Theatre Review- A Midsummer Night’s Dream
By Christian Tsoutsouvas
A Midsummer Night’s Dream, “under the stars” at the Royal Botanical Gardens on a hot summer’s night in Melbourne: surely this is the best way to experience Shakespeare’s most fantastical comedy for the first time, as it was for me and also for those youngest members of the audience sitting with their parents on their picnic rugs. This is about as family-friendly as a Shakespeare play will get, at least when it’s still being performed in (almost) the original text, barring a few contemporary additions that are very welcome indeed.
Midsummer is the kind of tale that has become even more popular since it was first performed more than four centuries ago. Audiences are still endlessly amused by watching people unexpectedly couple up, cheat on each other, develop surprising infatuations and go on ridiculous journeys to find that one person they’re destined to be with (with or without the aid of a cheeky potion or spell). Of course there are deeper comments to be found on love, sexuality, gender politics and the like upon reflection, but just as it would have been 400 years ago, this production by The Australian Shakespeare Company is first and foremost a fun night out. The bard wasn’t exactly known for his tight editing skills: his plays were all gloriously indulgent. They were never written to be watched in total silence with undivided attention: the subplots, singalongs and comic diversions give you time to exchange comments, move around, eat, drink and enjoy each other’s company whilst still enjoying the show. In this production, it gives you a chance to enjoy your surroundings without losing track of the plot or missing any crucial character moments. The cast and creatives also take full advantage of the outdoor performance space as the fairies run, dance and bounce through the crowd and literally play with fire on stage.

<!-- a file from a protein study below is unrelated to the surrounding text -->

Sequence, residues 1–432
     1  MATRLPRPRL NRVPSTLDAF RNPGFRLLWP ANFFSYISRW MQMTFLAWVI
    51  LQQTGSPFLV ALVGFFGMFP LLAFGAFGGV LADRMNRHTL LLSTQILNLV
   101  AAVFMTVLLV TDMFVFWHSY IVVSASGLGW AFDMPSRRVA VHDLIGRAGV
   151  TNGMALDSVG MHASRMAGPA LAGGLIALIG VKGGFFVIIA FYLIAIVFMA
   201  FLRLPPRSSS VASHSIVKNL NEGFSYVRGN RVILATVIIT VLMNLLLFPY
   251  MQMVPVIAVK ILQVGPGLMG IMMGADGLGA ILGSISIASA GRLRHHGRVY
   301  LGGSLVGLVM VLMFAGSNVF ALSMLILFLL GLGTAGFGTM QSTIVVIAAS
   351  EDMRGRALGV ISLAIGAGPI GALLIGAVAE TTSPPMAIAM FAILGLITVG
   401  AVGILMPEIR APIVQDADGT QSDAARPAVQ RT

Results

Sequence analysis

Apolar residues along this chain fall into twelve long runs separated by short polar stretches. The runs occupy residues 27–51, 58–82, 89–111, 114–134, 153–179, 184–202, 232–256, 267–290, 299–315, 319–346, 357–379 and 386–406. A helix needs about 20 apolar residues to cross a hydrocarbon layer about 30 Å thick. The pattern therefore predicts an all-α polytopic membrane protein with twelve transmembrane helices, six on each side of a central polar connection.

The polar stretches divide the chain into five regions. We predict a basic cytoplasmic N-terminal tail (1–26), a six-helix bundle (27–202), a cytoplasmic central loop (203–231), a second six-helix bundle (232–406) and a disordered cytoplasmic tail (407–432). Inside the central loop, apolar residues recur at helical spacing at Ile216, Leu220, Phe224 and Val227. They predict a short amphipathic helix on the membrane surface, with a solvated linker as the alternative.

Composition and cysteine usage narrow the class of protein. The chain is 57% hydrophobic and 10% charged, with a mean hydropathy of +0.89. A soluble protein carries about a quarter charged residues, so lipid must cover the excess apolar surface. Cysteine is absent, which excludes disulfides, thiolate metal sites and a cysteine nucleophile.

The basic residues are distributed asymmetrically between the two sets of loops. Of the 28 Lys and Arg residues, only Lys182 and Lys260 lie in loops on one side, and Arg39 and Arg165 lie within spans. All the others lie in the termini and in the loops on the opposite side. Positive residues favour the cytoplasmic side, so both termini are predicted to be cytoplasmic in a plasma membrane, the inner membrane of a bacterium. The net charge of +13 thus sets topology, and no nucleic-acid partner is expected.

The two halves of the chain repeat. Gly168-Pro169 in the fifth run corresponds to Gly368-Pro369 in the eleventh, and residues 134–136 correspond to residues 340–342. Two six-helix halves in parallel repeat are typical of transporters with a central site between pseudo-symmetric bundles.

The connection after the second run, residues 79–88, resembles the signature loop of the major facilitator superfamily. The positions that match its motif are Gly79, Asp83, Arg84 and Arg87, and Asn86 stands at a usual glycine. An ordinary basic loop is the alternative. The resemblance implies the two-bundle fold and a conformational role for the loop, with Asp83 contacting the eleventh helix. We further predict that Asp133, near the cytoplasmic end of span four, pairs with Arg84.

It’s also great to see them make use of one of theatre’s greatest assets: it can get away with double- or even triple-casting actors in a way that film and TV rarely can. Casting, for instance, Madeleine Somers as both the third-wheeling Helena and a dim-witted amateur actor not only shows her range but also makes the cast feel like a true ensemble, like a close-knit theatre troupe who are as connected to each other as they are to their audiences. The combination of astutely delivered verse, breezy slapstick and some amazing acrobatics (especially by Benson Jack Anthony as Puck) easily crosses that treacherous language barrier that all Shakespeare productions have to contend with and really does make this a play for all ages.
The current season of A Midsummer Night’s Dream: Under the Stars runs until March 3.
Photo credit: Nicole Cleary